May 19, 2021 By Ryan Songalia
Queens voters aged 50+ view crime as their number one concern, a recent poll found.
An AARP-Siena College poll published Monday found that 67 percent of Queens respondents 50+ named crime as their biggest concern, followed by the availability of affordable housing at 59 percent.
The concern relating to public safety comes at a time when violent crime has jumped significantly across the city, although overall crime has dipped.
The number of murders across the 5 boroughs for the year through May 9 is up 27 percent compared to the same time frame in 2020, from 115 to 146. There has also been an 86 percent increase in shooting incidents and a 69 percent increase in hate crimes compared to the same period last year.
Overall crime, however, is down 6 percent compared to the same period last year, primarily due to a reduction in non violent crimes.
Poll respondents were asked what they deemed to be “very serious” concerns. While 67 percent of Queens respondents said crime and 59 percent affordability, other serious concerns came to the fore.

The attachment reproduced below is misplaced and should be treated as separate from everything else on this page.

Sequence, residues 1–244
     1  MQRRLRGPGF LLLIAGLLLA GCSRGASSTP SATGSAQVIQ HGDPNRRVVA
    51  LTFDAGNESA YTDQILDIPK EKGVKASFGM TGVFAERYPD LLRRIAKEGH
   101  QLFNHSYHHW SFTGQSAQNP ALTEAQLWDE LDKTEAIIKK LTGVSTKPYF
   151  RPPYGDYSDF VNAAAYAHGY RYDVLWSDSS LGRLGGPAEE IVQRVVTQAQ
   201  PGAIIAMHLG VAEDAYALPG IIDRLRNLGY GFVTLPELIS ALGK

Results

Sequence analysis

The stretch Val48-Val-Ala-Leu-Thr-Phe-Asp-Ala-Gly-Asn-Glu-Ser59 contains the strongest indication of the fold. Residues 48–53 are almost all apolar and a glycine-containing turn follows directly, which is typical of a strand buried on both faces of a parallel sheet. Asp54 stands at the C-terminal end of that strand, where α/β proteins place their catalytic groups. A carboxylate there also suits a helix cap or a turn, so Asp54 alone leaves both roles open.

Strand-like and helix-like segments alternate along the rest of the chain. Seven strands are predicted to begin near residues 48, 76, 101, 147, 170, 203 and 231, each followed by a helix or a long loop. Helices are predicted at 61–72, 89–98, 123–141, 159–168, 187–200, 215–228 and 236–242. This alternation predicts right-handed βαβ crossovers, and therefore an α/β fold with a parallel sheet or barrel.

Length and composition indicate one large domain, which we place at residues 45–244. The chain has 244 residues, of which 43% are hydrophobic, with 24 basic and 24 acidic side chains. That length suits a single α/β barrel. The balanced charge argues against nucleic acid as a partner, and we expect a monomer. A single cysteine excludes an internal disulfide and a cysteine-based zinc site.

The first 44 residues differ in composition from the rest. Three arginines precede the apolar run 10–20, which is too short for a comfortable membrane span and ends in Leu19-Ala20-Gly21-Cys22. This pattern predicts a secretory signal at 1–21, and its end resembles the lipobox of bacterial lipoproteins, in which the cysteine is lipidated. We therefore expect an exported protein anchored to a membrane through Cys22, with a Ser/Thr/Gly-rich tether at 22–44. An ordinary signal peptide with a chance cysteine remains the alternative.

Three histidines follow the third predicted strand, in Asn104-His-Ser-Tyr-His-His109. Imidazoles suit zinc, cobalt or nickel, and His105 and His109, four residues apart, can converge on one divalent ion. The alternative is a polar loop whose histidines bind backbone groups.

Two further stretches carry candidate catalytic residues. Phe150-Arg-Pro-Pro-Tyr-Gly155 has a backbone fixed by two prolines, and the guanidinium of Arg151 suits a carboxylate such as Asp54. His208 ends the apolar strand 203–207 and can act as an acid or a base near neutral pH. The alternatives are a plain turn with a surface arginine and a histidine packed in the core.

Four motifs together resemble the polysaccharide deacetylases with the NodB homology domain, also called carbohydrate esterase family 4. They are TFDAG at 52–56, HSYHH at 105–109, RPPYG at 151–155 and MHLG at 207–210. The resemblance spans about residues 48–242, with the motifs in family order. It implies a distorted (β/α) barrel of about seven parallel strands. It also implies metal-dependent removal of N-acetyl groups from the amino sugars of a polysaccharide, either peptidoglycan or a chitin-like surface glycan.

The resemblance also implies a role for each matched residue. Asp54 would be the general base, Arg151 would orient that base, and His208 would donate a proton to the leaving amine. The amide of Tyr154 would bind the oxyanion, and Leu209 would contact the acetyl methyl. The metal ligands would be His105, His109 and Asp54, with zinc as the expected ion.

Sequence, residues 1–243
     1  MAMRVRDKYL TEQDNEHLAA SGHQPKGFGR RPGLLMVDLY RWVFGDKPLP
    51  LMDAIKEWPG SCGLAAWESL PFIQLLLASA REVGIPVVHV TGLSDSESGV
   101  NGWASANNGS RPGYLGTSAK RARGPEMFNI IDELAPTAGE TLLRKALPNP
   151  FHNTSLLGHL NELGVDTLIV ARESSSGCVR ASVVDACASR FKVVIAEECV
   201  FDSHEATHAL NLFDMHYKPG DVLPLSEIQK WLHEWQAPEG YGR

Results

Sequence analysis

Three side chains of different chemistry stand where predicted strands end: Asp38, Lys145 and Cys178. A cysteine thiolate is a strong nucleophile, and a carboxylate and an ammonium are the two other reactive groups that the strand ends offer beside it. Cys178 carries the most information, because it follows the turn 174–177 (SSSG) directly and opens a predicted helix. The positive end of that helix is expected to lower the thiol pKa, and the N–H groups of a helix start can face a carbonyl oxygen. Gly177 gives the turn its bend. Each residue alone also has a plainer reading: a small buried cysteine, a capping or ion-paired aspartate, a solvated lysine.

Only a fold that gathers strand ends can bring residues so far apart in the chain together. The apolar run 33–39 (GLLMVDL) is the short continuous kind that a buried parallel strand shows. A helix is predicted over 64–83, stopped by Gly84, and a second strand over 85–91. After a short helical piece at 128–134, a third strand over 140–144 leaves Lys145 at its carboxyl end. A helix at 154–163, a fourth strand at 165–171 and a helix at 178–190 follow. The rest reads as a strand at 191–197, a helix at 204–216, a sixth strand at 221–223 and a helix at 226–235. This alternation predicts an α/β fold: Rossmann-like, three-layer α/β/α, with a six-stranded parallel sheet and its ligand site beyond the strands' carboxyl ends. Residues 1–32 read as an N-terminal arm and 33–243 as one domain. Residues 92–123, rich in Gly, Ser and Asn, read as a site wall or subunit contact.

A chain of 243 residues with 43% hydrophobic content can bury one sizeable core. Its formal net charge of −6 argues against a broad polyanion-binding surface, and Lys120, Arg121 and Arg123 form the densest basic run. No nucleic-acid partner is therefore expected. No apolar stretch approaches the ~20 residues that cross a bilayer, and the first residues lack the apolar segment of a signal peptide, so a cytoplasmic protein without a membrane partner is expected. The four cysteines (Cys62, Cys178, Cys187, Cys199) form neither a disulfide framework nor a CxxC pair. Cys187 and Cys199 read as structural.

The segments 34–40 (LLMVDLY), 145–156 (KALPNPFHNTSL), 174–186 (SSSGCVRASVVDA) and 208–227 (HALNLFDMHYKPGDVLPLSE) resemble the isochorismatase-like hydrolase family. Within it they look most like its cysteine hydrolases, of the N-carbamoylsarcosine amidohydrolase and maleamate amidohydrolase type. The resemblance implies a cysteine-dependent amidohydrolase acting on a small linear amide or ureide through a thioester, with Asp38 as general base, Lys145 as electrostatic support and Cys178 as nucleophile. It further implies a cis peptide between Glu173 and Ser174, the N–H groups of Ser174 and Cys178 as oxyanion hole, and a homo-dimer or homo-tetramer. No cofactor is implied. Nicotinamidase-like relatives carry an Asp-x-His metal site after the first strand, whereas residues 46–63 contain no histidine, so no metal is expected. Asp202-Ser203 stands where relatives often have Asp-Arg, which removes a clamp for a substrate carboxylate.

Queens respondents 50+ viewed the following as very serious concerns: affordability of living (56 percent); discrimination (53 percent); pedestrian safety (39 percent), ageism (31 percent), safety net social issues (30 percent), suitable transportation (23 percent) and high-speed internet (22 percent) rounding out the poll.
The results tracked with the responses given by voters of the same age group across the city. Across the five boroughs the “serious concerns” were crime (63 percent) coming in first, followed by affordable housing (61 percent), affordability (59 percent) and racial discrimination (53 percent).
In terms of the upcoming mayoral election, poll respondents were asked to weigh in on who they would vote for.
Among Queens voters, Andrew Yang was their first choice at 25 percent. Meanwhile, 15 percent of respondents said that Brooklyn Borough President Eric Adams was their first choice and 11 percent said City Comptroller Scott Stringer was their top pick. The biggest block of voters were undecided at 27 percent.
Older voters are expected to play a pivotal role in the primary elections.
“New Yorkers 50+ are the city’s most reliable voters, accounting for three out of four ballots cast in the last open mayoral primary when only 20 percent of registered voters turned out,” said Beth Finkel, State Director of AARP New York.
The poll surveyed 811 active voters in New York, including 208 Queens voters, between March 29 and April 8.
Among those polled, 531 were Democrats and 129 were Republicans, with the rest being independents or other party affiliation. The margin of error was +/- 3.8 percent.